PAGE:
James Brown mural

James Brown produced a majority of his music with Cincinnati-based King Records. The Main Street mural was created between ArtWorks and Urban Sites.

Whether you’re working downtown, studying in Clifton or grabbing a bite to eat on the West Side, you’re more than likely to come across at least one of the multitude of murals in the Queen City.

Behind many of these masterpieces is the nonprofit organization ArtWorks.

Founded in 1996, ArtWorks has been employing and training youth for more than a decade to turn blank walls and buildings into pieces of art. In fact, ArtWorks is the biggest visual arts employer in the region and has employed over 3,000 youth and over 2,000 local artists, according to its website.

“Our city is a gallery of beauty and art,” said Deborah Stevens, development coordinator at ArtWorks. “They tell a story — getting to work for an organization that’s working toward making Cincinnati beautiful.”

Located right down the road on Burnet Avenue, “The Wall of Education” truly makes a bold statement on this one-way street.

Originally painted in the late 70s by Joyce and Gilbert Young, the artwork earned its title due to the variety of lifestyles and gifts the youth exemplify in the city. The Youngs also worked with a group of students to complete this project.

As you walk, drive or bike down Burnet Avenue, you can see a wall of global exploration, Hall-of-Famers and Hollywood stars in bright blues, greens and reds spanning an entire block.

The price of a mural — ranging from $40,000 to $100,000 — depends on the size of the wall, the design and the number of apprentices and professional artists needed.

Typically, one to three professional artists and between four and 12 apprentices are needed to complete a mural.

What appears at first glance to be a divided birdhouse can be seen on East Court Street. But it’s not divided at all; rather, the piece represents the making of the Queen City as a home for Charlie and Edie Harper — an artist and his wife. Charlie was a student and a teacher at the Art Academy of Cincinnati. The style of “Homecoming (Blue Birds)” is a minimal, geometric style called minimal realism — a style that Harper used throughout his career.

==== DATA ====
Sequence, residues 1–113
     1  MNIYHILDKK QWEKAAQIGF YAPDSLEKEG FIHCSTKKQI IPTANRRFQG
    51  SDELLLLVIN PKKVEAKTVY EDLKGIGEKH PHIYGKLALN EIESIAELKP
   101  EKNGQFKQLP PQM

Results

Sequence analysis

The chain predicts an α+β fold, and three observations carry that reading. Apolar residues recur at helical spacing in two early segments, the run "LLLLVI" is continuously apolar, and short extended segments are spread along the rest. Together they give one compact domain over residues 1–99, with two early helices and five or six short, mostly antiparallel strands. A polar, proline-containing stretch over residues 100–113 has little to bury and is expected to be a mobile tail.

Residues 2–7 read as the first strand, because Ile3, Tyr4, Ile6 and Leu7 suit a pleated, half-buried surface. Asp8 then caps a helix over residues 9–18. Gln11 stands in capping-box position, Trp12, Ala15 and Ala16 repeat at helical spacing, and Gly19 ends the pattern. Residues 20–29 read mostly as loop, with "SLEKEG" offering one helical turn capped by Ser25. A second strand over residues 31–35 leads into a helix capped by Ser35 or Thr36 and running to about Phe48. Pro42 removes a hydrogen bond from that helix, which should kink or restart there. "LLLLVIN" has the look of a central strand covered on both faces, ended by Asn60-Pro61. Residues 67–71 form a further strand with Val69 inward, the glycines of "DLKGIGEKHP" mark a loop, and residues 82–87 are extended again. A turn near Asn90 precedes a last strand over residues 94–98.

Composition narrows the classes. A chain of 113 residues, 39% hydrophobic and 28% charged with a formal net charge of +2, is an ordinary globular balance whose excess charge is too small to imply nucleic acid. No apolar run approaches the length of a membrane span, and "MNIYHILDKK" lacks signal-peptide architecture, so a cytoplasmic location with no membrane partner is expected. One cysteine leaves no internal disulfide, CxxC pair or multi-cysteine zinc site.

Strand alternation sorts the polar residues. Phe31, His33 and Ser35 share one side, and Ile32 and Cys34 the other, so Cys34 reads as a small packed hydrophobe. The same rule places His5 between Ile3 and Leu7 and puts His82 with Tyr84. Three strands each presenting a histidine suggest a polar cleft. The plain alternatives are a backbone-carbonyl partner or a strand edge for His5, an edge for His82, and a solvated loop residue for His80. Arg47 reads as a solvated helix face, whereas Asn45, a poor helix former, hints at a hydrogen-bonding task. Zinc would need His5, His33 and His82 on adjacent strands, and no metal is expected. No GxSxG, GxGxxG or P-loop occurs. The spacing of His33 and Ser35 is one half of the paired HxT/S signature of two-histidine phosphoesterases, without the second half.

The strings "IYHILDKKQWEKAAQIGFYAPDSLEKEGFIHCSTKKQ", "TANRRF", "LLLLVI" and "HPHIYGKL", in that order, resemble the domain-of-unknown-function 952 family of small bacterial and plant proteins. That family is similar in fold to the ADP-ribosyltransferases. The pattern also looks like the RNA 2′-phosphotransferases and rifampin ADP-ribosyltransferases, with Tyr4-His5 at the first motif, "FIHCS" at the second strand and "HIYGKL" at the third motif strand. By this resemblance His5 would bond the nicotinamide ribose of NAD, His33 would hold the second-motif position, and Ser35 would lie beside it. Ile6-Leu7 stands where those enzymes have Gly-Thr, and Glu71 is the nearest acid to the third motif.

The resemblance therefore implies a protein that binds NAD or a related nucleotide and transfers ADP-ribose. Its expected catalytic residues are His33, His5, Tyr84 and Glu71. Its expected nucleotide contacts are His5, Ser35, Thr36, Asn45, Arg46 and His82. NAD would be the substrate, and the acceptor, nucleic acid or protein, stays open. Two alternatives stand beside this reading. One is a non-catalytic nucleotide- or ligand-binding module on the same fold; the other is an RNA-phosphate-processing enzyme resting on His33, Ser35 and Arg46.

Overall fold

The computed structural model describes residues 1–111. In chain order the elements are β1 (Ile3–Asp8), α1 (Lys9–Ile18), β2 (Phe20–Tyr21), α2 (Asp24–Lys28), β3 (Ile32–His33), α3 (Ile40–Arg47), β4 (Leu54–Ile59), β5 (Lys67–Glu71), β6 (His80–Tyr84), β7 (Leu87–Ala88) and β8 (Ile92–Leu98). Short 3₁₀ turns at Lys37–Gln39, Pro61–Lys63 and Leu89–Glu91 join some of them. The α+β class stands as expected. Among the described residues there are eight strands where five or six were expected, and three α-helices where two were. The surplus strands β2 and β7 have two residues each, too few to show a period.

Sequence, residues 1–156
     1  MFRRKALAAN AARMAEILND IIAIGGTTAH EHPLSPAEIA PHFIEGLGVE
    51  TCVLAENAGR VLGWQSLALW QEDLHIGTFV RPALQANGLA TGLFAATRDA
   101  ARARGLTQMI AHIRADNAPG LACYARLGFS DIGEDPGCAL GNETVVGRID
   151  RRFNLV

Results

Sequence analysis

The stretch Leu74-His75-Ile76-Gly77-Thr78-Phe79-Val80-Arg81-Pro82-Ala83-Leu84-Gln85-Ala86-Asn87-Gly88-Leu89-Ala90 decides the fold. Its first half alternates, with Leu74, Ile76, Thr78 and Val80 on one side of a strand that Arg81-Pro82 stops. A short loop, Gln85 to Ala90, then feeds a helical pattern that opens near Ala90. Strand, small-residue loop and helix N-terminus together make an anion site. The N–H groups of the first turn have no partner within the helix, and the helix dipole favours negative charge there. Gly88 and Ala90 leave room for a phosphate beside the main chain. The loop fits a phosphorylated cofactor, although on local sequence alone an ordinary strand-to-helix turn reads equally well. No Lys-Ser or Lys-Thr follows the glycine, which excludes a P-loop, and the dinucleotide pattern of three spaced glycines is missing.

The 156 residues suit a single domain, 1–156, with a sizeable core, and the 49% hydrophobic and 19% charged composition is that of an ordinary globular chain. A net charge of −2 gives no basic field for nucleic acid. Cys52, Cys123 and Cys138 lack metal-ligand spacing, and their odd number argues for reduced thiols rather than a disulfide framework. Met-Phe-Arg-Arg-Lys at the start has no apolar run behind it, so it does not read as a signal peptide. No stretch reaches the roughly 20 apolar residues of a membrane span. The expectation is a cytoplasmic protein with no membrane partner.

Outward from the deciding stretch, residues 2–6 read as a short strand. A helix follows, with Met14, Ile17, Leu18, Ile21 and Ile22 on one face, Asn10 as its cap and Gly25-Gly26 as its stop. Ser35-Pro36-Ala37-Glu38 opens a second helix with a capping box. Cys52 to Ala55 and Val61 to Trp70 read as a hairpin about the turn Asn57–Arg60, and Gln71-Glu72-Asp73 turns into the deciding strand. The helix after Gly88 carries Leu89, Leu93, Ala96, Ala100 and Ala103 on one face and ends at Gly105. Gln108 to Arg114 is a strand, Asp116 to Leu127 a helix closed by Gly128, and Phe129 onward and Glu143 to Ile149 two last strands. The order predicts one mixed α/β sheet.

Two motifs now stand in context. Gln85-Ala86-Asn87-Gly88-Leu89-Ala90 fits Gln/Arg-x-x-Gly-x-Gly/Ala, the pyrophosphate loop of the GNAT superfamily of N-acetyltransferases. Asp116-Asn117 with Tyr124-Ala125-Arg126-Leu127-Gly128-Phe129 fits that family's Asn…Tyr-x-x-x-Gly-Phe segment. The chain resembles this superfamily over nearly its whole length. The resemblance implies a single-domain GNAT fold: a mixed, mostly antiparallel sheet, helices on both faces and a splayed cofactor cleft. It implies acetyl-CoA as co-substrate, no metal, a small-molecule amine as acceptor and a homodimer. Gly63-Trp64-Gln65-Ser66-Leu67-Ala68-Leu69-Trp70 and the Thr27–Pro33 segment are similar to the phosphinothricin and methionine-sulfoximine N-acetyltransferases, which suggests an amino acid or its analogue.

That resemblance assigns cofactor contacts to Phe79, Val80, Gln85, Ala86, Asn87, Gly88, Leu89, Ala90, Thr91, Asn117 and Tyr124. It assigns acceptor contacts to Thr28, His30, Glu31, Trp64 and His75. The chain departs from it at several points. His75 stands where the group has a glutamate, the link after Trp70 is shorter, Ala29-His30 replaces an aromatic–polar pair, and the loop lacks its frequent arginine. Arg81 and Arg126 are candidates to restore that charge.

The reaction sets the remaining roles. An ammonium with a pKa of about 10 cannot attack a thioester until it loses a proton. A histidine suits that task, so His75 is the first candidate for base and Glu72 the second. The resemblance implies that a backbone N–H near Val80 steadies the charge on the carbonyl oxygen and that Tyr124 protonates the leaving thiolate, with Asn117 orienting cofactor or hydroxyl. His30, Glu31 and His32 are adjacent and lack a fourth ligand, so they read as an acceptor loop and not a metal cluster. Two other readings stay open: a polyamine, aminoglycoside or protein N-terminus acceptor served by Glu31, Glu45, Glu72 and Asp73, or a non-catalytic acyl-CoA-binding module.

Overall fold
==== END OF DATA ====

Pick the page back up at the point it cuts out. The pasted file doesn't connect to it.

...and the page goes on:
Mural ideas can come to life with just a phone call to ArtWorks. The organization will work with artists and their ideas to make them a reality.

Walking down Vine Street, flooded with restaurants, bars, taverns and every food venture imaginable, one will eventually come across a mural that makes almost every pedestrian stop and stare.

“Fresh Harvest” is one of the many murals dotting downtown Cincinnati that brings the countryside to an urban core. The mural, designed by Jonathan Queen and youth apprentices, was inspired by timeless European paintings with fresh-grown fruit and vegetables. The group partnered with Kroger for the project.

ArtWorks is an organization that is committed to keeping the Queen City beautiful. It enables local professional artists to work with youth to turn individuals’ dreams into works of art.